I came in about halfway through a show on teen obesity, during which sixteen brave teenagers shared their struggles with being overweight. They opened up about their fears, their failures but also their hopes for the future.
But what forced me to grab a box of tissues (no joke) were clips from an 8-hour intervention the teens had to go through to inevitably get to the heart of the matter-- to the reasons why they are overweight. And they don't have to do with junk food. The emotional confrontations were intense as the teens finally verbalized to themselves and their parents the things they had kept inside for so long. Things like hating trying on clothes in dressing rooms, being made fun of at school or feeling like they don't live up to their parents' expectations. Many said they were angry because of their parents' divorce and/or subsequent remarriage. And too many said they had thought of suicide before as a way of escaping the pain.
The story that struck a chord for me was that of a boy named Josh, who weighs more than 350 pounds. When I first tuned to Oprah, he was the one who was talking. And I immediately saw my brother. It wasn't so much how similar they looked-- my brother is, in fact, very overweight-- but what Josh said. Just like my brother, Josh has a poor relationship with his father.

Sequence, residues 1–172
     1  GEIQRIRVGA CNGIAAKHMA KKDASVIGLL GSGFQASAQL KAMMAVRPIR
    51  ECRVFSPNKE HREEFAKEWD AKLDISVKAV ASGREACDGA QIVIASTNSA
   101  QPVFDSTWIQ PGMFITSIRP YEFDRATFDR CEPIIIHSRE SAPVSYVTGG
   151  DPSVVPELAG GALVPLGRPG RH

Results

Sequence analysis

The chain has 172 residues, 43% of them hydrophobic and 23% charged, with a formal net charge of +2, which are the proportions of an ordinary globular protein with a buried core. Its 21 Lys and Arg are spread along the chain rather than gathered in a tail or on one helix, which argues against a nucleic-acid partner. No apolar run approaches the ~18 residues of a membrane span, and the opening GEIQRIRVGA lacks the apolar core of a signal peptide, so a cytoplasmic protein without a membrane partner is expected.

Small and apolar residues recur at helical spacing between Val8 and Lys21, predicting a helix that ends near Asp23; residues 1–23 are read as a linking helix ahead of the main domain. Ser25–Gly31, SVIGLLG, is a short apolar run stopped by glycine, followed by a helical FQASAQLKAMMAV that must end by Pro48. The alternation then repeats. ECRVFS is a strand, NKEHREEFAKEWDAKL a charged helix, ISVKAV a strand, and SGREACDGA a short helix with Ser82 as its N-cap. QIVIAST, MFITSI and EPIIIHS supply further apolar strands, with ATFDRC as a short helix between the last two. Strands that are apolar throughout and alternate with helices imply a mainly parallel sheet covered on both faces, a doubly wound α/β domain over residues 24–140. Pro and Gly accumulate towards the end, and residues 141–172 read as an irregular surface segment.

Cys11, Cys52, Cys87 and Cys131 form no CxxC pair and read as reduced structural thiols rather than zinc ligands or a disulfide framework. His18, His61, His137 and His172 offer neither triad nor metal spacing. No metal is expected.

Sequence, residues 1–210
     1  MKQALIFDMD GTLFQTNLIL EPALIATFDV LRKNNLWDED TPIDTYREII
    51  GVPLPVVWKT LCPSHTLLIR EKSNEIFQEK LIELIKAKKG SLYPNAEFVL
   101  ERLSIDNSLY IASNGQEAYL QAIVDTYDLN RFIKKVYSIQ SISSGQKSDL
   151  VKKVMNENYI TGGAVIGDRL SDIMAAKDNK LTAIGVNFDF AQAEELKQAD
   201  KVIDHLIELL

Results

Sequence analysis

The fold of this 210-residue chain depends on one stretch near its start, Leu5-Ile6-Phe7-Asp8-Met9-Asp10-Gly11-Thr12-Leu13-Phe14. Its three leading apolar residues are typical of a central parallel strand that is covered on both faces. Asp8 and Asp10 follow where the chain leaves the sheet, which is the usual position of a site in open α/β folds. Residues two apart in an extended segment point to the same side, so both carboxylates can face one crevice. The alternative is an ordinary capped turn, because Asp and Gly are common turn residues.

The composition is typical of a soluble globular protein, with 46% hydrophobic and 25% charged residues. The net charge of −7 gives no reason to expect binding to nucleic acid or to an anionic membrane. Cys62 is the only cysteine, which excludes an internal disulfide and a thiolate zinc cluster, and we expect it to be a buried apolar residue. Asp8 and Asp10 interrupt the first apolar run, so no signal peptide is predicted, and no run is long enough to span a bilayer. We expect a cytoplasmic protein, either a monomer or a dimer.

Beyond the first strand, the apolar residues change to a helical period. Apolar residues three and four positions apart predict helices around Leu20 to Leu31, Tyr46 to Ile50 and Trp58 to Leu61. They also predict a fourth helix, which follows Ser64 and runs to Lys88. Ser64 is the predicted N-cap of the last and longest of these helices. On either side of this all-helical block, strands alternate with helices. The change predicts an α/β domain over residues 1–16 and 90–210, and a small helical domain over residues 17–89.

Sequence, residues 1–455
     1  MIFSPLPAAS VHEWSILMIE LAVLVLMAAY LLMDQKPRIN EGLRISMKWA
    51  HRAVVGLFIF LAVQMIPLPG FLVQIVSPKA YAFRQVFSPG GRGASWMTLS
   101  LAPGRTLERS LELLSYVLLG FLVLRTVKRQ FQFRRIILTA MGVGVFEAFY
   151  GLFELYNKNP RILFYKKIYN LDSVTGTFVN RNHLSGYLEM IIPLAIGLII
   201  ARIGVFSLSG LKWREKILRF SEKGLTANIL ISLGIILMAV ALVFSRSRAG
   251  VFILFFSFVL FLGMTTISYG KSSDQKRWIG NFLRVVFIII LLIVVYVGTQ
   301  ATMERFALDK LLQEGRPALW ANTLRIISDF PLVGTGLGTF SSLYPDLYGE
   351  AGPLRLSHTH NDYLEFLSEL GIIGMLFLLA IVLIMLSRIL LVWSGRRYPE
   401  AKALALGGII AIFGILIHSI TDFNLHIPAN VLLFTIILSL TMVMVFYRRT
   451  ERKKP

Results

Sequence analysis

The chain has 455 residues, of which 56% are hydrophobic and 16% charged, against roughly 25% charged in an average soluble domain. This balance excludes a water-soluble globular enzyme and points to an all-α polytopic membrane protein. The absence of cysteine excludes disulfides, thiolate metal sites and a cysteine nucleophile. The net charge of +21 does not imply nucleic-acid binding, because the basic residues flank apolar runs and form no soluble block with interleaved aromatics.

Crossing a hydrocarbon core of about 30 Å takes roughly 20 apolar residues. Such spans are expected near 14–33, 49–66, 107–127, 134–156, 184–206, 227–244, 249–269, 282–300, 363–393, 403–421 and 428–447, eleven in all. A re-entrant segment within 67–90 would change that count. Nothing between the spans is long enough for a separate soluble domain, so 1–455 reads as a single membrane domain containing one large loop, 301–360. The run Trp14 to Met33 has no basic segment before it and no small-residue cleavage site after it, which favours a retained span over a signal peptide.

"That's the reason why I east so much," Josh explained. "He's disappointed in me because I didn't turn out like he wanted me to."
My brother and father are hot and cold. They are so similar on so many levels, share the same hobbies and interests, but my dad is easily frustrated and my brother can be very frustrating. See, my brother is 22, just a year and a half younger than me, but we are polar opposites. He dropped out of high school (though he did eventually get his GED), has no job and lives with my parents.
It broke my heart when Josh said this:
"My dad does have these high standards, and if we can't reach them, he's disappointed with us and he gets angry. I try to do better, but it just doesn't seem like it's working. And when I'm sad, I'll eat, and I think I've been sad most of my life because I've been big most of my life."
It broke my heart because I think that is how my brother feels. He has said as much in the few times we have talked about it (my brother and I are not that close and he doesn't open up easily).
Of course, there are so many other reasons behind my brother's obesity. Everyone has a different story and the problem is more complex than can be explained in a blog. Sorry if I am a Debbie Downer, but I thought it was important to share. Because one of the take-away lessons from Oprah today was to be there. To be there for the people you love who are struggling. And to let them open up, to release the anger they may be holding inside. And to help them find what it is that they are truly hungry for.
All in all, the show made me want to be a better sister. To be there for my brother more, and let him know that he is loved.
Ok. I know this was a serious post, but I hope you will share your thoughts below. Thanks for reading, as always.
Image via Oprah.com